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or doesn't for the upcoming party and the midterms. before we go to break, we want to know as always, why are you awake? email your reasons for being up "way too early" or drop me a hashtag and we'll read some of the answers coming up later on in the show. e answers coming upn in the show. and into the driver's seat. experience our advance standards safety technology on a full line of vehicles. at the lexus golden opportunity sales event. get 1.9% apr financing on the 2021 rx 350. experience amazing. i'm greg, i'm 68 years old. i do motivational speaking on the 2021 rx 350. in addition to the substitute teaching. i honestly feel that that's my calling-- to give back to younger people. i think most adults will start realizing that they don't recall things as quickly as they used to or they don't remember things as vividly as they once did.
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welcome back to "way too early." it's just before 5:30 on the east coast, 2:30 out west. i'm kasie hunt. the justice department on friday released video of capitol
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officers being brutally beaten while trying to help someone who collapsed. warning, this video is disturbing. it shows officers outside the capitol trying to make their way to someone who later died of an overdose. one officer was dragged into the crowd by his helmet. he was stripped of his gear and beaten with weapons. a second officer is pulled back and forth between attackers, and a colleague tries to rescue him. video from his body camera shows him being stomped, beaten, and kicked by the rioters with weapons. jack witten was charged with several felonies and has not yet entered a plea. he's seen on camera threatening an officer's life, according to prosecutors. >> you're going to die tonight. >> just awful. former president trump,
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meanwhile, is framing what happened on january 6th. we saw some of it just a moment ago in a far different light. here is trump during an interview on fox news yesterday. >> there was such love at the rally. you had over a million people there. they were there for one reason. they felt the election was rigged. that's why they were there. and these were peaceful people. they were great people. the crowd was unbelievable. i mentioned the word "love. kwlts the love in the air, i've never seen anything like it. >> at least some of the people in that crowd marched down to the capitol and beat police officers as you can see there. a new straw poll, meanwhile, from the cpac showed president trump is the overwhelming favorite for republicans in the 2024 primary. the results were revealed at the end of the conference yesterday and shows if trump chose to run, he's the first choice of 77% of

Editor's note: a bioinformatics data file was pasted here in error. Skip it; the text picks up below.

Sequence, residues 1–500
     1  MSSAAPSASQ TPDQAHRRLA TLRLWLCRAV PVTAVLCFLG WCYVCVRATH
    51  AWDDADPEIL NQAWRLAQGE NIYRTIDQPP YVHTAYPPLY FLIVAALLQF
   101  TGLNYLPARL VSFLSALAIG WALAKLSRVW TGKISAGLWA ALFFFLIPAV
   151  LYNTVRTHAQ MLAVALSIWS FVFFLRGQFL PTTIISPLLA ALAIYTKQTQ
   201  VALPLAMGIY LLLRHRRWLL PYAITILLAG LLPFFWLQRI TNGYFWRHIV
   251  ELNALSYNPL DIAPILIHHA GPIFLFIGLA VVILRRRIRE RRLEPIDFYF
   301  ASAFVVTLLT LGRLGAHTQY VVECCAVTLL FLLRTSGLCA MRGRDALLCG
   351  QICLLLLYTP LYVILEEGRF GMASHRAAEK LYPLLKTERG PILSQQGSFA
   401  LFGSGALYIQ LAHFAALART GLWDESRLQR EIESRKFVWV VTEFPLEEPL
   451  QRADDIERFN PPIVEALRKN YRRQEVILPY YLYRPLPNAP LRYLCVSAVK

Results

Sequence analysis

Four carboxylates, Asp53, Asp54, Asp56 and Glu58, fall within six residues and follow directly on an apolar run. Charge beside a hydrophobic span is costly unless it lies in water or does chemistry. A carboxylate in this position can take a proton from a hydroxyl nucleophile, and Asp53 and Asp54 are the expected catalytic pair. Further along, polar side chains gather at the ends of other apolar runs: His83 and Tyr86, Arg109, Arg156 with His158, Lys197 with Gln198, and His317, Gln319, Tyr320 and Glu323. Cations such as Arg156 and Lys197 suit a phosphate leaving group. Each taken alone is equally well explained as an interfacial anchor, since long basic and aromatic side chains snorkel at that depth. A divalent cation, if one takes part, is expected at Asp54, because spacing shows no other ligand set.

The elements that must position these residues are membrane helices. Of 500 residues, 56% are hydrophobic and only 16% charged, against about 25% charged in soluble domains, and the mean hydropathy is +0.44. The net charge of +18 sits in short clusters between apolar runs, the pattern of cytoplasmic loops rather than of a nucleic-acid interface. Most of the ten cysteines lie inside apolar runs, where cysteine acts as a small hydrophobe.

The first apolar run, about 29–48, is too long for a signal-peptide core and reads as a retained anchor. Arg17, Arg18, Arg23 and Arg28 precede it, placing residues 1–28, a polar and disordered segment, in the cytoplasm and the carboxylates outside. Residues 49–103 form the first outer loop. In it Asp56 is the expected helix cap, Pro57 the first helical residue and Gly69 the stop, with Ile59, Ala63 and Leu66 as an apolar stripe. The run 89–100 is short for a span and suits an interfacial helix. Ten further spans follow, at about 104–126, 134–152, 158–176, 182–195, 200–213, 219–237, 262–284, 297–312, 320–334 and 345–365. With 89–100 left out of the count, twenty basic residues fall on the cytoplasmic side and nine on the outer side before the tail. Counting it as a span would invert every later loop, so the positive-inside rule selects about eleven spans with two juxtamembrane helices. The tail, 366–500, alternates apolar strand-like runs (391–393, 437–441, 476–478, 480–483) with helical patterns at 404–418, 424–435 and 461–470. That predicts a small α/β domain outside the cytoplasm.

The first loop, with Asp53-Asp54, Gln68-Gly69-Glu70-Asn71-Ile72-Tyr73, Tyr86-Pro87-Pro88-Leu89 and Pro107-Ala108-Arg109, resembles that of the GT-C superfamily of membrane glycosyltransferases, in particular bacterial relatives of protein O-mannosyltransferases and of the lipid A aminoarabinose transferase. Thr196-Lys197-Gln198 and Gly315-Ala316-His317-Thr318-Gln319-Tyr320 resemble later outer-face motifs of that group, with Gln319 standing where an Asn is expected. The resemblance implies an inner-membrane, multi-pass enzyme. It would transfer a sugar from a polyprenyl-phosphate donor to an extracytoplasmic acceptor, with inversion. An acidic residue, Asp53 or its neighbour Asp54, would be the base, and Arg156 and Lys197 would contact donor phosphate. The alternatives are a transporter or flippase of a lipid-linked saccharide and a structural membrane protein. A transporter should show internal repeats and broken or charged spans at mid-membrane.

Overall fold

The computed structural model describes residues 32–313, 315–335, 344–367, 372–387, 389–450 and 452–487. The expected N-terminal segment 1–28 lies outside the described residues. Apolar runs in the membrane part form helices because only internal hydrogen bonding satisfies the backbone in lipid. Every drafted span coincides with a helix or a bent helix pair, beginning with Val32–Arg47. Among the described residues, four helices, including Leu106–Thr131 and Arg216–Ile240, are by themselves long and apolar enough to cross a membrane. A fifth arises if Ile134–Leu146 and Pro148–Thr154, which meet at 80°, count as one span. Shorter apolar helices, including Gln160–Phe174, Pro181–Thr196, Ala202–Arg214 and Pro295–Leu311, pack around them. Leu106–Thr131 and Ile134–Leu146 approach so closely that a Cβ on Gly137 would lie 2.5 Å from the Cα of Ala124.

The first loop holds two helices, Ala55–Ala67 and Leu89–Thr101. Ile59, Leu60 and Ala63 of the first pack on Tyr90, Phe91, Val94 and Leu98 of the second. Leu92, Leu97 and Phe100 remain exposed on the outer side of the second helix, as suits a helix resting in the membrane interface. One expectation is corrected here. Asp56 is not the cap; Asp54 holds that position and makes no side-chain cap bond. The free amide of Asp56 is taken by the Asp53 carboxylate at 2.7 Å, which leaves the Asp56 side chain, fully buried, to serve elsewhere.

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republicans who attended there. in second place, florida governor ron desantis with 21% of the votes. trump has not revealed whether he'll seek the nomination but said last month he had made his decision. in a poll where he was not the nomination, desantis received 68%. joining us now, the co-founder of "punchbowl news," anna, it's gooed to see you. there's a lot on january 6th. we showed that video of police being dragged by trump supporters, and you heard trump call them fine people. there are republicans obviously at this conference who say, hey, you know, he's our choice for this. what is your sense of what this
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means going forward? the rewrite of what happened on january 6th continues. i hate-watching that video, but, you know what sunny i'm glad it exists so we can see with our own eyes exactly what happened. >> it's very disturbing to start your day looking at that video, but it truly shows how violent it actually was, how perilous it was. we'll have the house committee looking at this, looking at what actually happened because you have trump and a lot of his supporters and members of congress who were whitewashing, saying, oh, it's tourism. trump is trying to pretend there was a lot of love in the air. that's no what you see on the ground on january 6th. it's really quite disturbing. >> yeah. so, anna, the other thing that
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obviously we mentioned here was mike pence in that cpac poll. he made the decision, hey, i doge have the authority to overturn the election. and he's stood by that decision in the intervening months. he hasn't actually shifted. but what he did that day cost him. the cpac crowd would have typically been a friendly crowd. clearly not for him. what is his future in politics? >> he's a lonely face right now to be clear. the republican side of the party doesn't love mike pence. they're not enamored with him. he clearly wants to have a future in the republican party, trying to find what that footing might look like. but in the short term it's hard to see the republican base, you